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Over 10,000 expected to take paternity leave

July 18,2017
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The number of men who have taken paternity leave this year is expected to soon pass 10,000 for the first time, though this number is still small compared to the total male population.

According to the Ministry of Employment and Labor Monday, 5,101 men in the private sector took paternity leave during the first half of this year, which is 52.1 percent higher than the same period last year.

“We believe the number of male workers taking paternity leave continues to rise in the country as the government expanded the benefits for those who take such time and as society is changing,” said Kim Jong-chul, a Labor Ministry director. “Looking at the current pace, we expect the figure to surpass 10,000 for the first time.”

But the number of those who took paternity leave still remains low, given that in Korea there are 3.47 million male workers in their 30s.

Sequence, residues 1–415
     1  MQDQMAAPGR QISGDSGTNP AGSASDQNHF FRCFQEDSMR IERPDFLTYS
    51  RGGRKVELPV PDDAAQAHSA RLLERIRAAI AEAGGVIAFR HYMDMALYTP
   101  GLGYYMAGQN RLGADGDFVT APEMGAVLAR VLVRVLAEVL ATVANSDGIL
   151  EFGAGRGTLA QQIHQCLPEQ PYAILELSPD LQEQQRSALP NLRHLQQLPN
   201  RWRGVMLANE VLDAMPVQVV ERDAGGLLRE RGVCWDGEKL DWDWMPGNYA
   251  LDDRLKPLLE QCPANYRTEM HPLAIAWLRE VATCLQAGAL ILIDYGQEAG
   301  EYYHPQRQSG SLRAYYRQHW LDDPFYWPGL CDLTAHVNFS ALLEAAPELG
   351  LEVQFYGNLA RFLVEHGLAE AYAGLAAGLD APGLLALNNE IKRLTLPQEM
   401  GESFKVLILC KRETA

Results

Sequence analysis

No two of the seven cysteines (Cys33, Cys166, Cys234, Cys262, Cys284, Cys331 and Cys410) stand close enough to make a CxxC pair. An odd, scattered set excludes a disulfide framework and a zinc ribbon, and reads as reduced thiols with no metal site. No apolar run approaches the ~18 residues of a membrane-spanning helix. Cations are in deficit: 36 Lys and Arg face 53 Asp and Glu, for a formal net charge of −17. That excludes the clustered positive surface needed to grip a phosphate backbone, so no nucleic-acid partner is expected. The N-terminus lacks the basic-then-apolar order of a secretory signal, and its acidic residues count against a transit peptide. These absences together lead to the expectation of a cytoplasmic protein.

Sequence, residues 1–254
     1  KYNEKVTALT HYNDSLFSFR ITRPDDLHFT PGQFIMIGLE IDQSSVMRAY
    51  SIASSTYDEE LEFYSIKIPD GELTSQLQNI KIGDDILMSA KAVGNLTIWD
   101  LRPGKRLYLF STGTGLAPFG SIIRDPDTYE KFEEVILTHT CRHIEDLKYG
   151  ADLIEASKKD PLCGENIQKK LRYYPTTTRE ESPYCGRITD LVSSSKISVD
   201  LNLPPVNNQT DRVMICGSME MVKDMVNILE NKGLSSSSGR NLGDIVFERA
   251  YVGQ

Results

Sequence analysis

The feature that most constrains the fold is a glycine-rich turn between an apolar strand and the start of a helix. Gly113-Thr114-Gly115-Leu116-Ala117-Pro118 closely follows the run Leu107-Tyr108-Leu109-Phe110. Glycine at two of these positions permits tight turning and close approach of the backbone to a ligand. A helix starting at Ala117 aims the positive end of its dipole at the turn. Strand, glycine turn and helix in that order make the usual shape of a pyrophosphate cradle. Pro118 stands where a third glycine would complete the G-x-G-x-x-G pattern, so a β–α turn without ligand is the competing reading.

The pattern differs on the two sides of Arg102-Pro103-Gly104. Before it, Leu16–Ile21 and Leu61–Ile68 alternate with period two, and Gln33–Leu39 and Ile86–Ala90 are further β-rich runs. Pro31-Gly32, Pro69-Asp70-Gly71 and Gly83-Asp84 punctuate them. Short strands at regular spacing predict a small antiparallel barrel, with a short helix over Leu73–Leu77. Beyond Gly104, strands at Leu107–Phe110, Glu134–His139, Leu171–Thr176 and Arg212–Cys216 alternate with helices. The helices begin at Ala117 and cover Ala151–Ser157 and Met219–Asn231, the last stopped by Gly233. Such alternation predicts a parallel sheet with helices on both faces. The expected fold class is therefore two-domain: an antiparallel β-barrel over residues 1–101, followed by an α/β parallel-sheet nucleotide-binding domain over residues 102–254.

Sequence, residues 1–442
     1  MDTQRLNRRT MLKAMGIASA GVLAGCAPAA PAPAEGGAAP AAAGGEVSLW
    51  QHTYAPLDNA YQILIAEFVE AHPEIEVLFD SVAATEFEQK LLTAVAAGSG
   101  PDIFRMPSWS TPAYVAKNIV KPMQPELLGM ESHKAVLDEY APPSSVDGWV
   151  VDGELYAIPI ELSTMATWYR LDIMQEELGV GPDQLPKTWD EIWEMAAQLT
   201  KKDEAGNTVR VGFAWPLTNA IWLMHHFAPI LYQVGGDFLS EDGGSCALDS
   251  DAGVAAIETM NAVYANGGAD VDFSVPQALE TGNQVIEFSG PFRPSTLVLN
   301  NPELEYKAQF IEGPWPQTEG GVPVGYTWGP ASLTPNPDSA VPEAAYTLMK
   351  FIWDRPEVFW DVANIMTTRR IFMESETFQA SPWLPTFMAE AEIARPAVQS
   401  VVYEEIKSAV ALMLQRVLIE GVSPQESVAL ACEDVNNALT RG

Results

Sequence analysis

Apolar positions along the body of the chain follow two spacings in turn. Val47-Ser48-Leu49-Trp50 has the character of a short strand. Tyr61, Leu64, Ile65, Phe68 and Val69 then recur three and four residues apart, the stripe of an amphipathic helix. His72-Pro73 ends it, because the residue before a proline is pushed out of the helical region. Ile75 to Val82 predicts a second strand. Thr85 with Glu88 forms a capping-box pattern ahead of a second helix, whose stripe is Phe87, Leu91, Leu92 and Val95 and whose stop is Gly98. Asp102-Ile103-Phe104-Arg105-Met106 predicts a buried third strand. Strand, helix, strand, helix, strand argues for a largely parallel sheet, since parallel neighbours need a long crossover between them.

The 5,101 noted above only accounts for 0.001 percent of all employees in their 30s, who are most likely to take childcare leave.

Men who took paternity leave accounted for 11.3 percent of the total who took childcare leave, or 44,860, and the figure went up 4 percentage points from a year ago. In 2003, only 1.5 percent took leave, and in 2013, that figure was 3.3 percent.

In 2014, the government implemented a policy that helps more men take paternity leave.

Before 2014, when a couple would take childcare leave, only one of the spouses would be allowed to receive full salary during the leave. But under the new policy, parents can switch off who takes leave while receiving a salary. One parent can take their paid leave first, and when they return to work the other can begin their leave with full salary.

According to a 2014 survey by the Korean Women’s Development Institute, 41.9 percent of male workers said they are not comfortable taking paternity leave, as they worry about a fall in income.

After this, 19.4 percent said they worry about losing their competitive edge at work, while 13.4 percent said they do not want to burden their colleagues and 11.5 percent said they worry what colleagues would think.

The Labor Ministry added Monday that it will work on creating a working environment where more people can spend time with their family. The ministry said it will work to have all employees go home when their work hour ends and reduce the frequency of people contacting each other for work after business hours.


BY KIM YOUNG-NAM [kim.youngnam@joongang.co.kr]